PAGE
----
they accepted, more or less, the program of the 

Save -the -Redwoods League. 

This was after the report by Hartzog? 

Yes. This was considerably after that time. The 

administration plan (Kuchel Bill) in 1966 and 196? 

involved the Mill Creek watershed and the tall trees 

and the small corridor from Prairie Creek down to 


Drury: the tall trees. At that time not only the National 
Park Service, the President, and the Bureau of the 
Budget, but the American Forestry Association in 
April of 1967; Governor Brown in February, 1966; 
the California State Park Commission in 1966 and 
196?; the Daughters of the American Revolution; the 
National Audubon Society in August, 1966; the 
National Conference of State Parks in August, 1966; 
and the National Geographic Society who had sponsored 
this project, all came around to it. And the 
National Wildlife Federation, meeting out in San 
Francisco in 196?, passed a resolution favoring the 
total Mill Creek watershed. The Nature Conservancy 
in 1967, Governor Reagan in April of 1967 Laurance 
Rockefeller in June of 1966, the Save-the-Redwoods 
League in 1965, the Izaak Walton League (the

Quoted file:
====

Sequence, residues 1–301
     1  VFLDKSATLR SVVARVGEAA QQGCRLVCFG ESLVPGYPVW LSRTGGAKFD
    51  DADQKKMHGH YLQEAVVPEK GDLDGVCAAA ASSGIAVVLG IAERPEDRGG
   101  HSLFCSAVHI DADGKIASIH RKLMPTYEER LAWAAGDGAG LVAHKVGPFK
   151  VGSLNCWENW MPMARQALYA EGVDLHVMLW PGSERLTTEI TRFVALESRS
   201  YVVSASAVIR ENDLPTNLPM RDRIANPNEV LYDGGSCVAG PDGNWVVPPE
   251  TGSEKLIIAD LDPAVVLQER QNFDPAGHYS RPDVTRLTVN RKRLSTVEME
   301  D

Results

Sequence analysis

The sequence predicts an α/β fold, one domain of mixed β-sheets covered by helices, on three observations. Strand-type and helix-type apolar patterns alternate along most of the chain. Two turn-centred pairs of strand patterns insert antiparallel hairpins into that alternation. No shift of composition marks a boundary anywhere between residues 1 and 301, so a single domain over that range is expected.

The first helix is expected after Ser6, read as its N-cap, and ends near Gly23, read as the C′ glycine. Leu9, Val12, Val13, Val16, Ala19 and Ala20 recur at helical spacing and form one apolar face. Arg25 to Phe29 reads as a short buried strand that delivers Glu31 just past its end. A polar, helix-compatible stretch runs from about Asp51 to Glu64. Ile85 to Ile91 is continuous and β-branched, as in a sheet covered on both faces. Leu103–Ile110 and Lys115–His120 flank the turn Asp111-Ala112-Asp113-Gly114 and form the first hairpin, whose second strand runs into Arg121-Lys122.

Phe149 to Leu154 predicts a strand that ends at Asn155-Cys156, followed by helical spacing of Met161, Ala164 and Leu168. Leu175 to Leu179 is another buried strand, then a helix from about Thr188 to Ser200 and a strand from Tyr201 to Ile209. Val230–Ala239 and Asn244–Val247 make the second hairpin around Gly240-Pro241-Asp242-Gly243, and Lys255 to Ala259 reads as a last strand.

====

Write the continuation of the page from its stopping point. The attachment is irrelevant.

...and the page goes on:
California state division) (the national division 
I think supported the Cohelan bill), and the 
Wilderness Society supported both Mill Creek and 
Redwood Creek. And the Wildlife Management Institute. 
All of those were in favor of that measure which 
never got completely embodied in legislation, but 
which was the government program, largely I suppose 
because it was a smaller program, and the Bureau of 
the Budget were willing to pass it. 







The thing was pretty well mixed up. 
I have a statement here which came out in one of the 
magazines, that only the Wilderness Society and the 
Garden Club of America remained with the Sierra 
Club, supporting the Redwood Creek area. 
I think that's probably right. 
And the Wilderness Society was supporting both? 
The Wilderness Society, and I want to be charitable 
to everybody, but Dick Leonard is a director of it 
and he gave me a copy of their resolution which 
supported both projects. But Stuart Brandborg, who 
was the manager, ignored the action of his board. 
That's the way I Interpret it. As I get older and 
older, I am more and more tolerant of sinfulness. 
He threw his weight toward the Redwood Creek. All 
of our efforts were directed to trying to avoid the 
appearance of any breach of opinion among conser 
vationists. We were very anxious. The series of 
resolutions we passed from year to year indicated 
that at least we tried to turn the other cheek. 
How did this work out when you attended and 
testified at committee meetings with David Brower 
and Michael McCloskey of the Sierra Club while 
supporting different plans?